### A 1 kg ball is dropped from the top of a cliff and falls with a constant acceleration due to gravity (9.8 m/s2). Assume that effects of air resistance can be ignored. How fast is the ball going after it has fallen by 10 m?

• A.

45 m/s

• B.

14 m/s

• C.

87 m/s

• D.

None of the above.

B. 14 m/s
Explanation
We can find the speed in one of two ways. The first way is to realize the ball has a constant acceleration (9.8 m/s2 downward), and we can then find the time it takes for the ball to fall. This is harder than the second way. Since the work done by gravity is recoverable we can say that the PE lost equals the kinetic energy (KE) gained by the ball. Initially, the ball's KE is zero.

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• 42.

### A 1 kg ball is dropped from the top of a cliff and falls with a constant acceleration due to gravity (9.8 m/s2). Assume that effects of air resistance can be ignored. What is the force (if any) that does work on the ball?

• A.

It's the force of gravity that does work on the ball.

• B.

F work is done on an object by a non-conservative force, then the object will either gain or lose kinetic energy.

• C.

More massive objects always have a greater kinetic energy.

• D.

None of the above.

A. It's the force of gravity that does work on the ball.
Explanation
The force of gravity does work on the ball because as the ball falls, gravity exerts a force on it in the direction of motion. This force causes the ball to accelerate and gain kinetic energy. Since work is defined as the transfer of energy, the force of gravity is doing work on the ball.

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• 43.

### A 1 kg ball is dropped from the top of a cliff and falls with a constant acceleration due to gravity (9.8 m/s2). Assume that effects of air resistance can be ignored. How much work has been done on the ball?

• A.

A falling object always gains kinetic energy as it falls.

• B.

An object can never have a negative kinetic energy.

• C.

The work done on the ball equals the energy changed from PE to KE, or 98 J.

• D.

None of the above.

C. The work done on the ball equals the energy changed from PE to KE, or 98 J.
Explanation
When the ball is dropped from the cliff, it falls under the influence of gravity. As it falls, it gains kinetic energy, which is equal to the potential energy it loses. This is because the work done on the ball is equal to the change in energy from potential energy (PE) to kinetic energy (KE). Since the ball has a mass of 1 kg and the acceleration due to gravity is 9.8 m/s^2, the work done on the ball can be calculated as the product of the mass, acceleration due to gravity, and the height of the cliff. Therefore, the work done on the ball is 1 kg * 9.8 m/s^2 * 10 m = 98 J.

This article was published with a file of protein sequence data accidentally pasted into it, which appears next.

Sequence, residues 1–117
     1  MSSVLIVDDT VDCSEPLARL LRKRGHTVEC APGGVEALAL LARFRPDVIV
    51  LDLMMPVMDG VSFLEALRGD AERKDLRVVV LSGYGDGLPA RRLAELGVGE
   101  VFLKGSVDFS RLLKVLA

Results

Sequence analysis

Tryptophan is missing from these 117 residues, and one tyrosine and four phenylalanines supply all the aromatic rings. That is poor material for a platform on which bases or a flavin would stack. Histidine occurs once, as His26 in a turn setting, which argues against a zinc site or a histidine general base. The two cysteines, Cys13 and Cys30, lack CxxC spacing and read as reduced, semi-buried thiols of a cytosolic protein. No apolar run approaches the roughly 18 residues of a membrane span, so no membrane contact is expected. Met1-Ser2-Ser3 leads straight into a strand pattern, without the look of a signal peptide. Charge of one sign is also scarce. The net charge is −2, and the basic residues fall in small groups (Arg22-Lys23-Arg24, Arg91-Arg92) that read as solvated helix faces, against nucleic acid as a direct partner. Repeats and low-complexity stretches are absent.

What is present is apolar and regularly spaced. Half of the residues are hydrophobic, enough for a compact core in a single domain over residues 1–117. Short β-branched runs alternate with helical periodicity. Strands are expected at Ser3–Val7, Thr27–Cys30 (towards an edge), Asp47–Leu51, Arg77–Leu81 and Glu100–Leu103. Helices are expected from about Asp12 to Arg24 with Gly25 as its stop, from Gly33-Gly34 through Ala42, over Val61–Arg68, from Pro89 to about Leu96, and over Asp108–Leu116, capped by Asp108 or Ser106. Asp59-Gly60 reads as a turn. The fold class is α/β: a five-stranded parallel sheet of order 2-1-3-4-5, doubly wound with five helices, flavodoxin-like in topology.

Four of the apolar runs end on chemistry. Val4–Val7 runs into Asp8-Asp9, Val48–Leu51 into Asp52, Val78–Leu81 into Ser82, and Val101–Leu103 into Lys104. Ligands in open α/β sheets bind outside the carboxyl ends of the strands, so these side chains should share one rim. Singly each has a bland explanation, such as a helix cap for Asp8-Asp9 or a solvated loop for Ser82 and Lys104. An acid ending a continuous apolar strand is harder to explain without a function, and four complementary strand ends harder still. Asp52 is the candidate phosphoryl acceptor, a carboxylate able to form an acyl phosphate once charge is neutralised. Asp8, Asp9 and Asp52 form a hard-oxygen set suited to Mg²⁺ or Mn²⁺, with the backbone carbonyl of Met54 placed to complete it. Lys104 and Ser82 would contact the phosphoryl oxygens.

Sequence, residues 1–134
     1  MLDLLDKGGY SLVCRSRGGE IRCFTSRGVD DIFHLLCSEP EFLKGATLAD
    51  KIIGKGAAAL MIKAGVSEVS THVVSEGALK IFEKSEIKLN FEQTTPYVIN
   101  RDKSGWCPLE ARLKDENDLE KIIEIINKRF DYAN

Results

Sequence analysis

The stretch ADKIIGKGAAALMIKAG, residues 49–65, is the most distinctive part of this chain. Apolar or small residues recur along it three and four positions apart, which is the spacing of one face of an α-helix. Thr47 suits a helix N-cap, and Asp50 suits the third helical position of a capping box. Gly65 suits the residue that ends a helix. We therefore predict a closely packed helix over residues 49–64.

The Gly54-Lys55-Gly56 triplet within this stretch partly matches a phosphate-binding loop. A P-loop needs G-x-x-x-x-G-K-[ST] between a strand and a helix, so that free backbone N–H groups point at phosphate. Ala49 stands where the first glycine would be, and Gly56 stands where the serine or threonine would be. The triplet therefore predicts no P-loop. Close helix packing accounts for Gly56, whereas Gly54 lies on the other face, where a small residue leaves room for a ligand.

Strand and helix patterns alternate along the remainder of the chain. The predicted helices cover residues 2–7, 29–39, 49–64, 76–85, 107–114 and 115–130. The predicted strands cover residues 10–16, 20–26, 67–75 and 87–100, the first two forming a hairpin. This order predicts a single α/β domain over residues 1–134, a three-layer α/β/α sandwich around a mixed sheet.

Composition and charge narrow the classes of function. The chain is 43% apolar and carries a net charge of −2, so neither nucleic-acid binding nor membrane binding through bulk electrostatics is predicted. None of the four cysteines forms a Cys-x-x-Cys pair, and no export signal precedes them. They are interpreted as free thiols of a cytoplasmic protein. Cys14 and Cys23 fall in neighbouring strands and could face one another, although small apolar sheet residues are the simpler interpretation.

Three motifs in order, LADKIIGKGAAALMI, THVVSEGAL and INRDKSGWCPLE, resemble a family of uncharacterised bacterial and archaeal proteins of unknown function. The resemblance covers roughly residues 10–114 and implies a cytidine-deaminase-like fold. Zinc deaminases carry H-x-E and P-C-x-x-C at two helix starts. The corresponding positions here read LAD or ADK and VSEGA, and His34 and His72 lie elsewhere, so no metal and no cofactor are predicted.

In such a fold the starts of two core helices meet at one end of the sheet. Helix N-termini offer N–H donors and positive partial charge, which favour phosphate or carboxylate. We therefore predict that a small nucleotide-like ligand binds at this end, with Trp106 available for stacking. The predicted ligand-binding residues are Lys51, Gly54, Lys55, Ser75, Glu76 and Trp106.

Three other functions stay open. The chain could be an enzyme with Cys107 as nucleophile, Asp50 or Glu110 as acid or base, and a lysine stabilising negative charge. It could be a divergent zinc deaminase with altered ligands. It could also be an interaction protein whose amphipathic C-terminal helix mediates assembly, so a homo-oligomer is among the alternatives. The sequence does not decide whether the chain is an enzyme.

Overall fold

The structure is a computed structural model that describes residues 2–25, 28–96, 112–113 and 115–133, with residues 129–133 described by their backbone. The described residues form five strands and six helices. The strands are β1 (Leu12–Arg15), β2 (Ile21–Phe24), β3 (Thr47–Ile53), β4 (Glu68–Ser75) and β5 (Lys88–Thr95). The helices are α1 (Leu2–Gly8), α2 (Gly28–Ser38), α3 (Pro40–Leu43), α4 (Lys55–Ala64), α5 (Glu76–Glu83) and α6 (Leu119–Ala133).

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• 44.

### A 1 kg ball is dropped from the top of a cliff and falls with a constant acceleration due to gravity (9.8 m/s2). Assume that effects of air resistance can be ignored. Is the work done on the ball recoverable?

• A.

An object can never have a negative kinetic energy.

• B.

Technically no, the work done is not increasing the potential energy, it is decreasing it! We haven't converted energy into a form that we can tap into again.

• C.

An object has a kinetic energy of 40 J. If its mass were twice as much, then its kinetic energy would be 80 J.

• D.

None of the above.

B. Technically no, the work done is not increasing the potential energy, it is decreasing it! We haven't converted energy into a form that we can tap into again.
Explanation
The work done on the ball is not recoverable because it is not increasing the potential energy of the ball. Instead, it is decreasing the potential energy. This means that we have not converted the energy into a form that we can tap into again.

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• 45.

### A car having a mass of 500 kg is initially at rest. A constant 1,000 N net force acts on the car over a distance of 50 m, causing the car to speed up. After it travels 50 m, the car moves with constant velocity. What is the total work done on the car over the 50 m distance it travels while speeding up?

• A.

25x10^4 J

• B.

5x10^4 J

• C.

15x10^4 J

• D.

None of the above.

B. 5x10^4 J
Explanation
The total work done on the car is the work done by the net force.
total work = Fnetd = (1,000 N)(50 m) = 5x10^4J

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• 46.